The Court of Appeal today allow an appeal by BF (an Eritrean national), supported by the Equality and Human Rights Commission, against the Upper Tribunal’s dismissal of his judicial review challenge to the Home Secretary’s policy for assessing the age of those detained under immigration powers.
The policy was that, where an individual claimed to be under 18, this should be accepted unless “their physical appearance/demeanour very strongly suggests that they are significantly over 18 years of age and no other credible evidence exists to the contrary” (emphasis in original).
The majority (Underhill and Baker LJJ) accepted the argument on behalf of BF and the Commission that this formulation contained no recognition of the unreliability of age assessment based on appearance and demeanour and, consequently, how wide a margin of error is required. Although the policy had been amended since the proceedings were issued, this defect remained. Without further guidance, there was a real risk of children being unlawfully detained. The policy was therefore unlawful.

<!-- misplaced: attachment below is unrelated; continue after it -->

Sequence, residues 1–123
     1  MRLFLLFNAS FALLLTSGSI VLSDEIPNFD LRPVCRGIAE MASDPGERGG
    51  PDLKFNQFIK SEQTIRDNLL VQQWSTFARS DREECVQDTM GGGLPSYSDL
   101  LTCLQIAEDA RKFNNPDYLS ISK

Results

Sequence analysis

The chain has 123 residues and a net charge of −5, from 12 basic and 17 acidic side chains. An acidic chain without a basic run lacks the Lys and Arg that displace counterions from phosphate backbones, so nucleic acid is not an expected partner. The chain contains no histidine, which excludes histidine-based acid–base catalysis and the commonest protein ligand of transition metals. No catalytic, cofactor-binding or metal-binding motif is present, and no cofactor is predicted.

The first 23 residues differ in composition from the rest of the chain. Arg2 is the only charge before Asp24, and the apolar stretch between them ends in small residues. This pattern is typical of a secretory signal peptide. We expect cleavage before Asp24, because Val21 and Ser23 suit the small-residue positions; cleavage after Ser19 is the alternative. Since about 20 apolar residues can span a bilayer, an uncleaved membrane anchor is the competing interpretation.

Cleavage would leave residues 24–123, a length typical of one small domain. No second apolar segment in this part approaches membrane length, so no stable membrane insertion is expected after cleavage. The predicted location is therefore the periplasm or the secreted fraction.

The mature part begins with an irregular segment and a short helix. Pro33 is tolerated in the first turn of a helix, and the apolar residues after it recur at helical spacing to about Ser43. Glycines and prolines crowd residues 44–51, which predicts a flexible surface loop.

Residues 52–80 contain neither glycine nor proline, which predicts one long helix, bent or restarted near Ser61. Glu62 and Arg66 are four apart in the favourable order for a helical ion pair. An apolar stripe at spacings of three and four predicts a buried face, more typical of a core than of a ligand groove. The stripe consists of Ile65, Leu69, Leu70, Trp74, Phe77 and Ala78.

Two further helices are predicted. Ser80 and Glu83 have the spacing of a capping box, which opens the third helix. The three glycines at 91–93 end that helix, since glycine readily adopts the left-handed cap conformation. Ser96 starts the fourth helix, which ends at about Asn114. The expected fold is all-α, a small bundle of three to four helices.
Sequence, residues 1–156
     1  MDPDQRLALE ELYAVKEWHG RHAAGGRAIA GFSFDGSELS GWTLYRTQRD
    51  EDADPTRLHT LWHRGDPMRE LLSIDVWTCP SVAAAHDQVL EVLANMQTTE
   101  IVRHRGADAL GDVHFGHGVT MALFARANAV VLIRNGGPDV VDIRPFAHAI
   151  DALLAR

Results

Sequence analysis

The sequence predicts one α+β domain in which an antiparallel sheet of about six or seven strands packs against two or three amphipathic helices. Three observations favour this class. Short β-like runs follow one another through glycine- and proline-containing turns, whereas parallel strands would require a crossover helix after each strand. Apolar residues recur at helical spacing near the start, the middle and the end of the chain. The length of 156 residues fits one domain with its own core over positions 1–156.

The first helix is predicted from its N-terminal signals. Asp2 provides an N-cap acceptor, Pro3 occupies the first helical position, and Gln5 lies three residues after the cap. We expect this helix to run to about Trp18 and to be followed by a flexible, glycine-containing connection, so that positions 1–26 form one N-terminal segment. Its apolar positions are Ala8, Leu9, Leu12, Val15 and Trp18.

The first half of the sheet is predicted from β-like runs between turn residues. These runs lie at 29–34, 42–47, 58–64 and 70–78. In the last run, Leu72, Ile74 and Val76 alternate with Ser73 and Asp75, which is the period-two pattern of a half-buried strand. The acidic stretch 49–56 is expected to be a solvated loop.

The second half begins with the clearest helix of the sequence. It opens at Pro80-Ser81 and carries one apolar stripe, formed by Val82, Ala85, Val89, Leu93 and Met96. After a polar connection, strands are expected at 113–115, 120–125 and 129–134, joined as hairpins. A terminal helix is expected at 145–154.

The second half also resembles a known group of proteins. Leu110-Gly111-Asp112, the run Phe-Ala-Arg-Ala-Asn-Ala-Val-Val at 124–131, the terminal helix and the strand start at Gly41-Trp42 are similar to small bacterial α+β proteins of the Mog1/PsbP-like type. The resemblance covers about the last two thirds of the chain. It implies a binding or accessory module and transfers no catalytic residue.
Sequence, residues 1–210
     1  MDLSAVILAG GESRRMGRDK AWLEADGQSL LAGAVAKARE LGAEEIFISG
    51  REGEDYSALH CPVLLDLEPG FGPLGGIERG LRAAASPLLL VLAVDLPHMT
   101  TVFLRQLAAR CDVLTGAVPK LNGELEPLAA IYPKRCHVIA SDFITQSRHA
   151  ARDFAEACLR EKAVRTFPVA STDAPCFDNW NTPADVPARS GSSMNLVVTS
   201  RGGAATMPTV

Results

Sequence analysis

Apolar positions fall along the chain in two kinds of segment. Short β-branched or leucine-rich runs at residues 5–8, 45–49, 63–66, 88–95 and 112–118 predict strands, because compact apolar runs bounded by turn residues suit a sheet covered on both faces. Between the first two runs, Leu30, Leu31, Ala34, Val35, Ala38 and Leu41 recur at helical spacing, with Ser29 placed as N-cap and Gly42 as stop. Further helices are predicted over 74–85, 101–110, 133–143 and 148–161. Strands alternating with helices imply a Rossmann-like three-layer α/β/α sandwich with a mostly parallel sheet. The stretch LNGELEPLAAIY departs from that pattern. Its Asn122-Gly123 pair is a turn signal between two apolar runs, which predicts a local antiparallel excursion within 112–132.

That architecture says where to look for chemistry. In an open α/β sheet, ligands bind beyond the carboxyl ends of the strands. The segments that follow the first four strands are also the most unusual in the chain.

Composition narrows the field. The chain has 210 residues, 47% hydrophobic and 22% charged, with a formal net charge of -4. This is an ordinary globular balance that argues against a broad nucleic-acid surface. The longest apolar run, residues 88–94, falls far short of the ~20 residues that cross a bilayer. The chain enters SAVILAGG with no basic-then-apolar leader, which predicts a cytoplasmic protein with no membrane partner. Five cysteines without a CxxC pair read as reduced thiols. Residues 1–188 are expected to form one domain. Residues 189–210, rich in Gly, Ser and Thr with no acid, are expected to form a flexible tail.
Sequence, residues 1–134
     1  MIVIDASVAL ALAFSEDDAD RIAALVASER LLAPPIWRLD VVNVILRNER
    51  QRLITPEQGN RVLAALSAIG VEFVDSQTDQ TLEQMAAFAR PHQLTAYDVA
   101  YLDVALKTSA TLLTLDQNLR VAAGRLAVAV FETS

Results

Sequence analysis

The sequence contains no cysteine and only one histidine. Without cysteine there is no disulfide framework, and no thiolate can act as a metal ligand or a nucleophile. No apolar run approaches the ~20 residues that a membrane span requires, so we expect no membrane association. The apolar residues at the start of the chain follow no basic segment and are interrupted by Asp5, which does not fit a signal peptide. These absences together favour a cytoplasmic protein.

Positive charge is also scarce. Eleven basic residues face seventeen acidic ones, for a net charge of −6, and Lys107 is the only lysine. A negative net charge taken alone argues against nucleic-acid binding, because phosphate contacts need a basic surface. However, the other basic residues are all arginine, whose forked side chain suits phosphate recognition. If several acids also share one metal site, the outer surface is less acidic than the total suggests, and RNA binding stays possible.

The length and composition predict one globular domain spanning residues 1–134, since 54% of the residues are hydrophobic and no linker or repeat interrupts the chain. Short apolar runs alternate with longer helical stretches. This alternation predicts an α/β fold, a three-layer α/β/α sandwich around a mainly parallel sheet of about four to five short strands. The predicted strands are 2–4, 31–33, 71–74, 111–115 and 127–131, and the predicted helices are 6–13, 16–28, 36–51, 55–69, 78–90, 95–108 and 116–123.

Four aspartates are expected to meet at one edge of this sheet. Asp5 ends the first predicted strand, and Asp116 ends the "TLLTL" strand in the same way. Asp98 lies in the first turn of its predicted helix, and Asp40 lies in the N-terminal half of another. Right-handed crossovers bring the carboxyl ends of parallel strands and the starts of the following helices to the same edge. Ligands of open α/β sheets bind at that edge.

Baker LJ went further, accepting the Commission’s argument that detention after an age assessment conducted on the basis physical appearance and demeanour alone is inherently subjective so that, without safeguards, it would result in arbitrary detention contrary to Article 5 ECHR and Article 6 of the EU Charter; and that the policy was also contrary to EU law because, in cases falling within the scope of the Reception Directive, it failed to comply with the requirements of clarity, predictability, accessibility and protection against arbitrariness required by EU law, as interpreted by the CJEU in Policie ČR v Al Chodor (Case C-528/15)  4 WLR 125.
Simon LJ dissented. He would have held that – read as a whole – the policy contained sufficient safeguards and was lawful.
The judgment is here.
Martin Chamberlain QC appeared for the Equality and Human Rights Commission, intervening.